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The week in IP - Qualcomm buys HP patents, Candy trade mark leaves bad taste, Rockstar drops suit against Huawei

A selection of intellectual property stories from around the world that grabbed headlines this week

kitkat.jpg Have a break ...

Fresh from fighting over the colour purple, chocolate makers Nestlé and Cadbury have been back in court arguing about the registration of a 3D trade mark for Kit Kat chocolate bars. Nestlé applied for protection in the UK; and Cadbury opposed the application.

Following a UK IPO ruling that the four-finger mark had acquired distinctiveness at least for some goods, the case came before Mr Justice Arnold in the High Court. In an opinion last week, he seemed minded to side with Cadbury but decided that the judges of the CJEU should be consulted on two unclear aspects of EU law on 3D marks. Anyone know what their snack of choice is?

Qualcomm stocks up on HP patents

Qualcomm this week acquired a portfolio from Hewlett-Packard of about 1,400 granted patents and pending patent applications from the US and about 1,000 from other countries. The patents cover technologies that include fundamental mobile operating system techniques.

The company makes a lot of money from licensing patents. Its licensing unit brought in $7.6 billion in revenue in 2013, or 30% its total sales. The firm said the acquisition of the HP portfolio would “enable the company to offer even more value to current and future licensees”.

In a fizz


It appears that Veuve Clicquot, the world’s second-largest Champagne house, is not happy with an Italian winery called Ciro Picariello, which sells a wine called Brut Contadino. Veuve Clicquot is worried about confusion with its yellow-label Champagne, and claims to have trade marks for the yellow colour in the EU, US and Australia.

According to a report in The Drinks Business, the French company is trying to resolve the matter amicably and has not yet taken formal legal action. We look forward to seeing how the parties will celebrate if and when they seal the deal.

Rockstar drops suit against Huawei

A consortium made up of Apple, Microsoft, BlackBerry, Ericsson and Sony this week dropped a patent infringement claim against Huawei. Rockstar Consortium in October had filed a number of lawsuits against Huawei, Google and other Android makers claiming they had infringed on patents the consortium bought from Nortel for $4.5 billion.

candy.jpg Candy trade mark leaves bad taste

The computer gaming community was not impressed this week when the USPTO accepted a trademark application from the makers of mobile game Candy Crush Saga for the word “candy”. The trade mark includes games and software, educational services and clothing.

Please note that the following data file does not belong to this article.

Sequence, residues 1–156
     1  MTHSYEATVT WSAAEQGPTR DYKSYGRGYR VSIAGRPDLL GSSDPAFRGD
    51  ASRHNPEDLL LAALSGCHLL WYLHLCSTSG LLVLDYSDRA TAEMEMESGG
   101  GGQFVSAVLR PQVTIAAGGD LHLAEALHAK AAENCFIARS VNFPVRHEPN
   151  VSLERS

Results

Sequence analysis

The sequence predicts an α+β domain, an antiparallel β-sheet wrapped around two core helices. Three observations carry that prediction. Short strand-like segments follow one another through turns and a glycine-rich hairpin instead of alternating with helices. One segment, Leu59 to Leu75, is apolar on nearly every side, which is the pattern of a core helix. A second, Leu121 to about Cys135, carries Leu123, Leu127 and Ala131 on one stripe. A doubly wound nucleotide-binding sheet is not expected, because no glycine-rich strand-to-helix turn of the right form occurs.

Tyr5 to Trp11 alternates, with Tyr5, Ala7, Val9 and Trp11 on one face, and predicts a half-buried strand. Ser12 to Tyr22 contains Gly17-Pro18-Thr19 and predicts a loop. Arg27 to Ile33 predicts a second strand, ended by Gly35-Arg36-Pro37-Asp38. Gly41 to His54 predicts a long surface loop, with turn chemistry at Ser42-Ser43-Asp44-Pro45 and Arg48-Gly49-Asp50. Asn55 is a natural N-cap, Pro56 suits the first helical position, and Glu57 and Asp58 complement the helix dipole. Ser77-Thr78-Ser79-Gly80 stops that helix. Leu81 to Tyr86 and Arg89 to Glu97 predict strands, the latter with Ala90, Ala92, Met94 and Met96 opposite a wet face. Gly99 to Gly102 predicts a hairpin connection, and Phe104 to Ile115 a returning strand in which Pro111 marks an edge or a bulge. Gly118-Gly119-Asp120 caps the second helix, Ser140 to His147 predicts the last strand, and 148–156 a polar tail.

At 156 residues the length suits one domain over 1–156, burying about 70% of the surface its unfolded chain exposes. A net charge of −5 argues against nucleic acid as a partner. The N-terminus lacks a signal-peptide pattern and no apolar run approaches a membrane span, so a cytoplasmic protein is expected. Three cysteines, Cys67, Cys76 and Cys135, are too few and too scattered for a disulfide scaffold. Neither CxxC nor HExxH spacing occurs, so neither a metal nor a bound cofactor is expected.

King Limited, the markers of the game, has asked other developers to remove games with the word. It says it has a trade mark for “candy” in the EU as well.

Gaming developers believe it is unfair to approve a trade mark to a single word as common as candy. Other developers have 30 days to file an appeal with the USPTO to claim the trade mark will affect their business. A group of developers are making as many games as they can including “candy” to “fight trademark trolling by making games”.



more from across site and ros bottom lb

More from across our site

The Supreme Court, which is hearing two IP cases this week, should limit the power of US courts to rule on foreign sales
Safety standards wouldn’t lose copyright protection when named in law, so long as they were accessible for free online
In-house tech sources say Amgen v Sanofi has the potential to stifle their prosecution and litigation strategies if SCOTUS’s decision is too broad
We provide a rundown of Managing IP’s news and analysis coverage from the week, and review what’s been happening elsewhere in IP
The Federal Circuit said tech firms can challenge the way the USPTO implemented Fintiv, but that won’t mean much for practitioners, say counsel
The England and Wales High Court handed down one of the most hotly anticipated FRAND rulings for some time
Funders discuss different IP portfolio funding options and how they decide whether to offer preferential terms and pricing
The issue of the Unified Patent Court’s third central division needs resolving before IP owners can fully embrace Europe’s new era
Foreign firms and lawyers, including IP practitioners, can now practise in India after years of talk and no action
Most Indian counsel won’t immediately look beyond the Delhi High Court for IP cases, but new forums could potentially change their minds